THE LOT THE QUIET RIVER
between St.Cirq Lapopie et Cahors
Every river has it’s personality and the long rivers have their ages, too.
By the time the Lot reaches St. Cirq Lapopie it’s already middle aged, looping serenely in sinuous meanders, re-oxygenating every two or three kilometers in a mad scramble over weirs.
The pebbles and boulders that it’s rolled down from the Massif Central over tens of thousands of years have cut vertically through the limestone leaving towering cliffs that glow like calligraphic characters against the green slopes.
The current is so slow you can swim against it. Rushes and sedges and clumps of purple loosestrife grow at the water’s edge. Majestic black poplars tower above and cantilevered alders stretch over the water. Ribbons of pink alluvial soil intersperse with fields of corn or sunflowers or tobacco and stone barns and farm-houses with red tiled roofs.
This landscape is ceaselessly changing, and the changes are doubled in the reflections. Sometimes, when it’s rained hard up river in the Cantal, the river runs red with sediment and for a day or two you find yourself in a psychedelic world of reds and greens with purple shadows.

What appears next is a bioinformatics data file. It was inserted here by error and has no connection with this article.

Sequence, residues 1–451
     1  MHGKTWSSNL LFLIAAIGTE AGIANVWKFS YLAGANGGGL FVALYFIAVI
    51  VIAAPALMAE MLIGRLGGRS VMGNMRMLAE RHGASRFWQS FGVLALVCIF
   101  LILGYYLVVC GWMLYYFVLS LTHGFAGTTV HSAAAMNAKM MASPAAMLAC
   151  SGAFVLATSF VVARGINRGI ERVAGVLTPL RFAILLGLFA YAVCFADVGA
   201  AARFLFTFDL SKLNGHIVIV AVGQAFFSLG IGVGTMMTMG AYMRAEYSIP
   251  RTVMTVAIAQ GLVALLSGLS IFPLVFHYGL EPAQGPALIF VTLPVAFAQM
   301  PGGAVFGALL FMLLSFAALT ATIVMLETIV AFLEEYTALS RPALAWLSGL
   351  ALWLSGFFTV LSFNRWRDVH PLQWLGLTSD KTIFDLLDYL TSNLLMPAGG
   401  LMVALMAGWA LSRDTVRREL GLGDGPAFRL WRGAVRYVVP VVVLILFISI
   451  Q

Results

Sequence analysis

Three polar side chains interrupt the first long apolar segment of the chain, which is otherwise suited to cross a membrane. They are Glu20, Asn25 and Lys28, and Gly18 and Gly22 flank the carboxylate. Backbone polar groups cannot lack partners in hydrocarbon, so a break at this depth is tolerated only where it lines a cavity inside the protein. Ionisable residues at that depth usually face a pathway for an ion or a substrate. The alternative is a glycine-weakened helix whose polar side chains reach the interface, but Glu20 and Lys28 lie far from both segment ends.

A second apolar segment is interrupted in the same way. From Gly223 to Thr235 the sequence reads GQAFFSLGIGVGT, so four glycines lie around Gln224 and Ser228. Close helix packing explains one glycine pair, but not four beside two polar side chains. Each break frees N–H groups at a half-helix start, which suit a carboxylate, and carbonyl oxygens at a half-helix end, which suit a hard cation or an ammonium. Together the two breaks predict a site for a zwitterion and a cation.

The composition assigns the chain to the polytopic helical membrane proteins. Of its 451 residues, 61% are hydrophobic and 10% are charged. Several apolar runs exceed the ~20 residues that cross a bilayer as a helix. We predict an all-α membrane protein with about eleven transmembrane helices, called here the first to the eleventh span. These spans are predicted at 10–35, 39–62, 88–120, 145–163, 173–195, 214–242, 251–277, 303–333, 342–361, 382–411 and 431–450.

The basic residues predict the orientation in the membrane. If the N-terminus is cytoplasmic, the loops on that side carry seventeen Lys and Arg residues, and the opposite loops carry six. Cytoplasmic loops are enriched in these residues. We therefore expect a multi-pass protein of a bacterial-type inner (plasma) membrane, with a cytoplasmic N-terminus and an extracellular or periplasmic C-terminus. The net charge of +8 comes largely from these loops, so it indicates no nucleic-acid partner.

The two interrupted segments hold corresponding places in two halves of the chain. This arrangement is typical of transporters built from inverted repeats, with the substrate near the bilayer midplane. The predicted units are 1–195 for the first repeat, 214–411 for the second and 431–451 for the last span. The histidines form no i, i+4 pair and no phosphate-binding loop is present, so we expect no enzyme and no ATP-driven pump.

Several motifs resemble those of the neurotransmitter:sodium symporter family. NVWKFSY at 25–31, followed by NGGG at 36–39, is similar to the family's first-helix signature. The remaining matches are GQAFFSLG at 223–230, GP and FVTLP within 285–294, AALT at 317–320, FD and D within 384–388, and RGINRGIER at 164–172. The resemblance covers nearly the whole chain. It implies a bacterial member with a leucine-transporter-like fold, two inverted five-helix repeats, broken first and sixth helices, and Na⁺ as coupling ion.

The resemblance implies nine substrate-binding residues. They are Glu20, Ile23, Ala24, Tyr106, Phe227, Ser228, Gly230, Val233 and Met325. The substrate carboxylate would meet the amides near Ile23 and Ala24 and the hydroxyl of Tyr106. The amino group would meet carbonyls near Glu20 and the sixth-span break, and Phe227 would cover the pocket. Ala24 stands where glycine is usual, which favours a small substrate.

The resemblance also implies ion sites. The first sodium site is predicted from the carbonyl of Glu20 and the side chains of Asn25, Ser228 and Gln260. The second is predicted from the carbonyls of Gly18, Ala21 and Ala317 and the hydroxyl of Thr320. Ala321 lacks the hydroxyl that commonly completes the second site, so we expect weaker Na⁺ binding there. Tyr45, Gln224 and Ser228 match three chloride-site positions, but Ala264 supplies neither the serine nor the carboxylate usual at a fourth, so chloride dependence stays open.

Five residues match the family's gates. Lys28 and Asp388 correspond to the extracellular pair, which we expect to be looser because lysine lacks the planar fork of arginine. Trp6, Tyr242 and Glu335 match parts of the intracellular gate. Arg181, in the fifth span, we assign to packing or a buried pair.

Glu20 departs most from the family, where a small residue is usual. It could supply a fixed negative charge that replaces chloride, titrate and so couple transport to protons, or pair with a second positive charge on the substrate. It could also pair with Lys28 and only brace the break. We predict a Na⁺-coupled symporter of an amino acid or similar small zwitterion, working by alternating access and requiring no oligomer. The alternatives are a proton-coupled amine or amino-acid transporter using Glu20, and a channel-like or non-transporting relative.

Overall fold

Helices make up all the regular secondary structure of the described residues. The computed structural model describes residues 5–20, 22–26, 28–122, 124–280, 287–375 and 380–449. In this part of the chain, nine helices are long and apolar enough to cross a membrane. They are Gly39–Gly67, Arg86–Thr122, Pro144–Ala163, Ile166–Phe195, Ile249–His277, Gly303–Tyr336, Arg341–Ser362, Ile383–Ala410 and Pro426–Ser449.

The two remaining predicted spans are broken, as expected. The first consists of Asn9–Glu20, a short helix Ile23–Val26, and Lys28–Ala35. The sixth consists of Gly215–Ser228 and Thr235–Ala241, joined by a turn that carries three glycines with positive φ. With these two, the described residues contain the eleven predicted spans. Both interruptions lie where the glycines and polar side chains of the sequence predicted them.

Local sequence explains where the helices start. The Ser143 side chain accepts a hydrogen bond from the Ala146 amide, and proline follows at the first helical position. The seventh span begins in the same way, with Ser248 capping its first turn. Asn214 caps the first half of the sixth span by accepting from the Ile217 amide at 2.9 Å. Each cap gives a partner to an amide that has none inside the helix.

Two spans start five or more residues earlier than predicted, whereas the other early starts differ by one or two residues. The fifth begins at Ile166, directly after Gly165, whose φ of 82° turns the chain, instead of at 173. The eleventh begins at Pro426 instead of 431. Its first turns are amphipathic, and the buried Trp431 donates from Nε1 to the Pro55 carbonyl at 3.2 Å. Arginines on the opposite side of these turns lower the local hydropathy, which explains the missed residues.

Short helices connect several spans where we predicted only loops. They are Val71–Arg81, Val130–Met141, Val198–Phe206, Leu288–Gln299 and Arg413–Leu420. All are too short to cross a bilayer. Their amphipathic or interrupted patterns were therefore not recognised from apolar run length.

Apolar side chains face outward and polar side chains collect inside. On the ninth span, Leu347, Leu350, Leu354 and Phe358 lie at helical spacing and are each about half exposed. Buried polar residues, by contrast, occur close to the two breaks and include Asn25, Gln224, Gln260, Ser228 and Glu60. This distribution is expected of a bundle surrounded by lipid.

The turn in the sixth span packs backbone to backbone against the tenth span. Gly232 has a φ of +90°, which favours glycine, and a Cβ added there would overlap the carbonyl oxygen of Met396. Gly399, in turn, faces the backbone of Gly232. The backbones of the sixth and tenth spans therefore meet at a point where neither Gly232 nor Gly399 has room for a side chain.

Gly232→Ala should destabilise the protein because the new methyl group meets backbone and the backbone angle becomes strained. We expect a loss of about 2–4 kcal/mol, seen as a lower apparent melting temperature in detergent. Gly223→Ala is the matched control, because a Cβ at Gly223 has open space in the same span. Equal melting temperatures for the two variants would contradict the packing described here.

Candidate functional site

A breeze you hear whispering in the aspen grove will turn alder leaves so that they shimmer like mercury. Ruffling the surface of the water it effaces the upside-down world and replaces it with a flat plane of liquid silver that reaches across to the opposite bank.
And all the time the slow spin of the earth lengthens shadows and extinguishes trees that moments before had been incandescent in sunshine.
These few miles of quiet river in south-west France irrigate my life as a painter.
Jeffery Stride Vers.
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